Macroscopic modelling of coupled multiphysics in swelling cellulose based materials

University dissertation from Division of Solid Mechanics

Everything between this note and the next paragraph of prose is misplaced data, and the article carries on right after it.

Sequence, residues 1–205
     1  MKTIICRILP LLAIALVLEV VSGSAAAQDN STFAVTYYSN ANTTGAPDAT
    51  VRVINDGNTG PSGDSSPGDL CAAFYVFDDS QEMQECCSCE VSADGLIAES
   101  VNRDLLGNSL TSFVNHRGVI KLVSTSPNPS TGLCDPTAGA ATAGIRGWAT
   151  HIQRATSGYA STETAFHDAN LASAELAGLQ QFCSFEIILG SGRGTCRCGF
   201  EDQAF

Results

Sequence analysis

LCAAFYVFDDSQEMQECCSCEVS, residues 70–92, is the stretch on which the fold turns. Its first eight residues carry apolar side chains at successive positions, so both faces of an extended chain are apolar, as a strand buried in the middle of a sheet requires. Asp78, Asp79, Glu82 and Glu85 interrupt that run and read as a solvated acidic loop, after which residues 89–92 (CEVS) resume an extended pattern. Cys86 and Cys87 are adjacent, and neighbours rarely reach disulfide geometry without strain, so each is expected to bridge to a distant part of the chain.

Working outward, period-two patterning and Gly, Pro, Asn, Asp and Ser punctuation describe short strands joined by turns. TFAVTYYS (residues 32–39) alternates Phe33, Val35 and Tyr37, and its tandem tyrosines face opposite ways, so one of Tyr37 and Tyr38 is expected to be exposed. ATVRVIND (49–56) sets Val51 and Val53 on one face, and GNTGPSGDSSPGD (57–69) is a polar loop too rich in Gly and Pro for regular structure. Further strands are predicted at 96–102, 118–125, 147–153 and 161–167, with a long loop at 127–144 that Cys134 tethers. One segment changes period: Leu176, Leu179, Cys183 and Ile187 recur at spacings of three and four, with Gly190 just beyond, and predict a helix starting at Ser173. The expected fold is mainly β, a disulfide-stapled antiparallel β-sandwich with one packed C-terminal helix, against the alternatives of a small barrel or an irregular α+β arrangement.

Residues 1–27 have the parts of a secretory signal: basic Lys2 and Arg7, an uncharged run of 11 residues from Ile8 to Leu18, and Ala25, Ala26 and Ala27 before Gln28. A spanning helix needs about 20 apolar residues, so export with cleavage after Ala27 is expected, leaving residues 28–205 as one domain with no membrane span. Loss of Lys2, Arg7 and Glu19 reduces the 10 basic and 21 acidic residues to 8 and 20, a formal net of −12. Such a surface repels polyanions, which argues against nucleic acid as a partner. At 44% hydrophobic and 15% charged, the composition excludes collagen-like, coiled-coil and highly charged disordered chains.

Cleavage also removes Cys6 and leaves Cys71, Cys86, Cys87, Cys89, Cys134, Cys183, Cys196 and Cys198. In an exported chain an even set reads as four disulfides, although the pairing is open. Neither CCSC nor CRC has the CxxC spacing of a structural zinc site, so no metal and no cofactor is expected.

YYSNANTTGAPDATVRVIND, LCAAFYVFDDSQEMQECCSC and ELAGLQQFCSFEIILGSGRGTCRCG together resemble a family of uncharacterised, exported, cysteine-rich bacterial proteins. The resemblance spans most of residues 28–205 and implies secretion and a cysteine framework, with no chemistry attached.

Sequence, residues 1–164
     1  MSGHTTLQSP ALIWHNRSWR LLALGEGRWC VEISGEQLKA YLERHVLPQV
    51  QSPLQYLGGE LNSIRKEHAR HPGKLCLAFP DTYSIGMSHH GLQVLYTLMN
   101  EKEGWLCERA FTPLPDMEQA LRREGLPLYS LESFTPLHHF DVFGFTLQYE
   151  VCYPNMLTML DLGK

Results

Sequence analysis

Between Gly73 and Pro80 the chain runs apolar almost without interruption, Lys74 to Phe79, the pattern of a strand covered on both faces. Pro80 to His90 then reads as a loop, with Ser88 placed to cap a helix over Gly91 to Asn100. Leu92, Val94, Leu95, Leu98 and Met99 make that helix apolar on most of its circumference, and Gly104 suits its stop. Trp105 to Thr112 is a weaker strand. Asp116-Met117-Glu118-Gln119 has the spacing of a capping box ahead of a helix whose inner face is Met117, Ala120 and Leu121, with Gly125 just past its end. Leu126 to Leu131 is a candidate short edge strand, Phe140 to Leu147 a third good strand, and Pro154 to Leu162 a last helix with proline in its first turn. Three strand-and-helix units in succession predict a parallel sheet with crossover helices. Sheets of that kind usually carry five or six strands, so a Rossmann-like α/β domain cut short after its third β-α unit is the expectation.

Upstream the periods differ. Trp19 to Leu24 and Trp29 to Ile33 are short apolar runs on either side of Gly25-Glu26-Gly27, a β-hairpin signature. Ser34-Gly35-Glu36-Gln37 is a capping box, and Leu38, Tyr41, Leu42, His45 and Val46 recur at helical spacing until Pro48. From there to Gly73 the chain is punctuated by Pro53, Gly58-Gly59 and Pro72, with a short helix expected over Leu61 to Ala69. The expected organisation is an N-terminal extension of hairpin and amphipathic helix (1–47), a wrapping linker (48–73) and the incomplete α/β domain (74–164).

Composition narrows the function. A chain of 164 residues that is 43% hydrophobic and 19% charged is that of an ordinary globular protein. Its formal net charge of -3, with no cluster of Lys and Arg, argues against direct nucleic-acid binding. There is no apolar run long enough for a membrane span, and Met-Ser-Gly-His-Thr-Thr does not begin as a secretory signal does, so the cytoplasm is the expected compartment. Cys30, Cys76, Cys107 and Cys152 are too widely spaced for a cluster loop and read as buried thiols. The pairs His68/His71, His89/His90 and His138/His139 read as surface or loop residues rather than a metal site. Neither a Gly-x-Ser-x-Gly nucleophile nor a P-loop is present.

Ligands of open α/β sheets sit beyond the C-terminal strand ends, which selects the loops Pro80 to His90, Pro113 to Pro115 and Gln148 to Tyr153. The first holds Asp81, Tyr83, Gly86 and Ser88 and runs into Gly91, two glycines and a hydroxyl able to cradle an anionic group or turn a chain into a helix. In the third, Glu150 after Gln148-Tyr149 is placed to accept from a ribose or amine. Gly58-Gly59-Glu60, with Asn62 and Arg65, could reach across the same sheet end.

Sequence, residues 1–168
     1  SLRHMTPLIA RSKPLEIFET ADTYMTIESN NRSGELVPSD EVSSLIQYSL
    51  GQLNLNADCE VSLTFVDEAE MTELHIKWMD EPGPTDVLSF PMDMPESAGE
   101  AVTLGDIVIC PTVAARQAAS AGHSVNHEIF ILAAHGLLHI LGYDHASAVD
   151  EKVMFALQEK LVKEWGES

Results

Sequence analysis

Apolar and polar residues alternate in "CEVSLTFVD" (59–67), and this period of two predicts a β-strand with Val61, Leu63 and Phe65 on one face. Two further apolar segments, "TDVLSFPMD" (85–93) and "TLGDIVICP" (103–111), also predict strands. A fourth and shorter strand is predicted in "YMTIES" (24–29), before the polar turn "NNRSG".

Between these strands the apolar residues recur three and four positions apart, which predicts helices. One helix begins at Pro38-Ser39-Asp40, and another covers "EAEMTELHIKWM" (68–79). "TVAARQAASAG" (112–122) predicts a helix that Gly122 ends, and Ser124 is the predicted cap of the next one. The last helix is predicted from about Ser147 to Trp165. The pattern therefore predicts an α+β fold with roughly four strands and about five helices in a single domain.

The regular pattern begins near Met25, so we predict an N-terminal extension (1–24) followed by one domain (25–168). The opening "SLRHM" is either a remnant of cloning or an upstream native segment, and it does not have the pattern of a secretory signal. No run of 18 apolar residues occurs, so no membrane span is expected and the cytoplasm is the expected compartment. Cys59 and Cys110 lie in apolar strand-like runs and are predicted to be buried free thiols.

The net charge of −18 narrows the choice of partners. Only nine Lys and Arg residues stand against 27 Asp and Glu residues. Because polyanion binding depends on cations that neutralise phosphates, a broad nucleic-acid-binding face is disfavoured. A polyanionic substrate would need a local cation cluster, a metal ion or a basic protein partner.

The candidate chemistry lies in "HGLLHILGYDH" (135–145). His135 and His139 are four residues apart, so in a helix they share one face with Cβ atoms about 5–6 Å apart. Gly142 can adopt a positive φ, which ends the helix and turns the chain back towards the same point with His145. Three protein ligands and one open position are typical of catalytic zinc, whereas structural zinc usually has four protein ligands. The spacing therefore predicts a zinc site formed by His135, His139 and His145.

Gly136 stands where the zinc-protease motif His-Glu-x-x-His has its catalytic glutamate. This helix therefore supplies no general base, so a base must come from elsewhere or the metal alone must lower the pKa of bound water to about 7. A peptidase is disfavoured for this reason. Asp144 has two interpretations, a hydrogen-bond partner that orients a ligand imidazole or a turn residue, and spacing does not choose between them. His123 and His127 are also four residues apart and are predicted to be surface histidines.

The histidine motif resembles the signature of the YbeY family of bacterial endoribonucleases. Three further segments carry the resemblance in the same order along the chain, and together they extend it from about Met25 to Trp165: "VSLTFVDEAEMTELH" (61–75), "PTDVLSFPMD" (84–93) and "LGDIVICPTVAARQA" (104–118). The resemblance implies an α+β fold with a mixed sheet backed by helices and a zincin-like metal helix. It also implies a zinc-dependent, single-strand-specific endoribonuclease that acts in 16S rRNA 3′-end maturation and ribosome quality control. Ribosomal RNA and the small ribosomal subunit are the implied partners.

Abstract: Paperboard has been the basis for packaging materials used to aseptically store and protect food and beverages for a long time. To ensure that there are no bacteria that can spoil the product, sterilizing treatments are made. One such treatment is the retorting process, which involves heating to high temperatures in a pressurized environment of water vapor and dry air. The porous nature of paper materials and the affinity of the cellulose fiber to interact with water make sterilizing environments particularly demanding. Gaps in the knowledge of the physics of the interaction between moisture, temperature and deformation may lead to difficulties in designing robust processes and materials. In this work the interplay between moisture, temperature, and deformation are investigated in cellulose based materials using macroscopic continuum modelling. Adopting the mixture theory framework, thermodynamically consistent models are derived using a systematic treatment of the dissipation inequality. Paperboard is conceptually viewed as a superposition of immiscible phases, which consist of miscible constituents. Constitutive theory is developed that allows for modelling and simulation of paperboard in a range of industrially relevant applications.The thesis contains an introductory part addressing the basic aspects of cellulose based materials followed by a short review of paper modelling. Thereafter the physical characteristics of paper and paperboard are explored. The concepts of mixture theory and its use in this work are addressed and subsequently a discussion of the model applications and simulation results are held. The central part of this thesis comprises five papers denoted Paper A to Paper E. Paper A describes non-isothermal moisture transport, assuming a rigid material. The central feature is the non-equilibrium sorption and its coupling to vapor and heat transport. In Paper B the concepts in Paper A are extended to model rapid processes with large temperature variations. The conceptual view of the material is reconsidered in Paper C and Paper D, for the purpose of describing swelling and inter-fiber water transport. The model is used to simulate edge wicking and exchange of mass between fiber, inter-fiber liquid and vapor under isothermal conditions. Paper E further enhances the model presented in Paper C and Paper D by considering non-isothermal problems, to encompass conditions relevant for the retorting process of food packages designed for long shelf-life. Simulations of the coupled heat transport, mass transport and deformation during retorting of paperboard packaging are presented, addressing the large variations in temperature, moisture and pressure representative of the retorting process.

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